Brian Gibbons almost scored a goal, and was slammed into the boards immediately after. I thought it could have been a negating penalty, but the refs kept their whistles in their pockets. I was pretty offput by it, because it was the type of hit that could give someone a bad concussion as Gibbons’ head hit the boards.
Miles Wood took a one-timer from a pass from behind the net that Holtby never saw. It hit the pad, and the Devils were running out of time. Maroon almost scored soon after, and the Capitals countered. They were tying everything imaginable to get Ovechkin’s 50th goal, but couldn’t. Unfortunately for the Devils, they couldn’t even continue to threaten to get within one goal. The game finished 5-3, Capitals.
The Opposition Opinion: Jasper’s Rink will have the recap for the Capitals view.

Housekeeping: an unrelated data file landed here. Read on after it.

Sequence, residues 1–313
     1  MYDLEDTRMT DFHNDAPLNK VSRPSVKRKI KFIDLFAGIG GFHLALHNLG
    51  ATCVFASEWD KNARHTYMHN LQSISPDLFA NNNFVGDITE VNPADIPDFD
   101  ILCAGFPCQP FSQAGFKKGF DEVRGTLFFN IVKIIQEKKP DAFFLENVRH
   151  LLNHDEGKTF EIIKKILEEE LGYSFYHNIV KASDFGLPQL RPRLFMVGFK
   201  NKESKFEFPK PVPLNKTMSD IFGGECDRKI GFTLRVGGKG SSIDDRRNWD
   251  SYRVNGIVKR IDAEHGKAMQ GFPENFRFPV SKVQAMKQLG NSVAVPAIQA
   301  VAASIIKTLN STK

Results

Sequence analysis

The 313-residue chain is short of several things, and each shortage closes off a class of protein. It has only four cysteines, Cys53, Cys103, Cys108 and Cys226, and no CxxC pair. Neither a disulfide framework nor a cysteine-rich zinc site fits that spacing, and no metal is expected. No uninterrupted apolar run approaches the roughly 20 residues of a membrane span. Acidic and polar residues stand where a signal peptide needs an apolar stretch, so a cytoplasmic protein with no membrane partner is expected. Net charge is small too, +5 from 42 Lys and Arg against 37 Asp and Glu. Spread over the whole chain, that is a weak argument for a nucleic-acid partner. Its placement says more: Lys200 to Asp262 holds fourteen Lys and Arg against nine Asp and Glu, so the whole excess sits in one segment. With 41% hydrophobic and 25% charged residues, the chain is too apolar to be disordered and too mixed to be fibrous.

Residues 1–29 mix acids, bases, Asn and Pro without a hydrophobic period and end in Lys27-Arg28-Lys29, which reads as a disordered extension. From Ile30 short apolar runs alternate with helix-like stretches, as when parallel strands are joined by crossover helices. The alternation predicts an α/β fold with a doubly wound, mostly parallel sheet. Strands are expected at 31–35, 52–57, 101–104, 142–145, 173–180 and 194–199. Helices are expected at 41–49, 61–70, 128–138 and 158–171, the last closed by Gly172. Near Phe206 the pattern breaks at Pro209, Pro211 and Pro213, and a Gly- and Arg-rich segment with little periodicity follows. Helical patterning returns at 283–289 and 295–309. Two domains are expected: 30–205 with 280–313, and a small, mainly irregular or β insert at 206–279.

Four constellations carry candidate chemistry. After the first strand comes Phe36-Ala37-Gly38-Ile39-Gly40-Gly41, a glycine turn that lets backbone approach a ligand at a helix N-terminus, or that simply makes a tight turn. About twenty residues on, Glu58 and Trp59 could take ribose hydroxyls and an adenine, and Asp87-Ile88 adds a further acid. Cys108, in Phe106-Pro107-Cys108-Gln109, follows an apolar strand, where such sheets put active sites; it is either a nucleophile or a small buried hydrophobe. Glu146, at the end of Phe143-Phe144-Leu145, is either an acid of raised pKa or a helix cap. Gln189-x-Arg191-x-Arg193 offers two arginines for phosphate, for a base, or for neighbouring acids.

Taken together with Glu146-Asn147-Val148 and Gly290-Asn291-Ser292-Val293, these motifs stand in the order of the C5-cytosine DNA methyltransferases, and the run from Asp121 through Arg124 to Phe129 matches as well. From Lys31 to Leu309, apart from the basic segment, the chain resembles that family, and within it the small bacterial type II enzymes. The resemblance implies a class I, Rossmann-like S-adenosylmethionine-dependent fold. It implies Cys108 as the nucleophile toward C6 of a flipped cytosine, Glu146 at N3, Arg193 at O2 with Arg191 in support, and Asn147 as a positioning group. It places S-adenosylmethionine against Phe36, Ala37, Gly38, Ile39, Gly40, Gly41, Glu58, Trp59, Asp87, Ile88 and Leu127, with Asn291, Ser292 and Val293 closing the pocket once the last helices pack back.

A Complaint: This was a piss poor job by the referees. After giving an embellishment to Nico Hischier for being tripped, hooked, and held by Matt Niskanen, they gave the Capitals an unnecessary advantage in power plays. I took no issues with the penalties to both Jimmy Hayes and Nico Hischier in the waning minutes of the third, but what seemed to me to be a John Carlson elbow to Brian Gibbons’ head on the boards is the type of play I hate seeing. Gibbons did not have the puck, and Carlson targeted him rather than play it himself. Carlson thus hit a vulnerable player chasing after a puck, causing him to slam his head on the boards. I thought that judging from the non-broadcast side angle, Carlson clearly had body positioning and only had to continue skating at the puck to counterattack. Instead, he chose to throw his body sideways into Gibbons, and his elbow went high. Perhaps I’m still sensitive because of the appalling lack of response to the Tom Wilson-John Moore incident, but I disliked that play.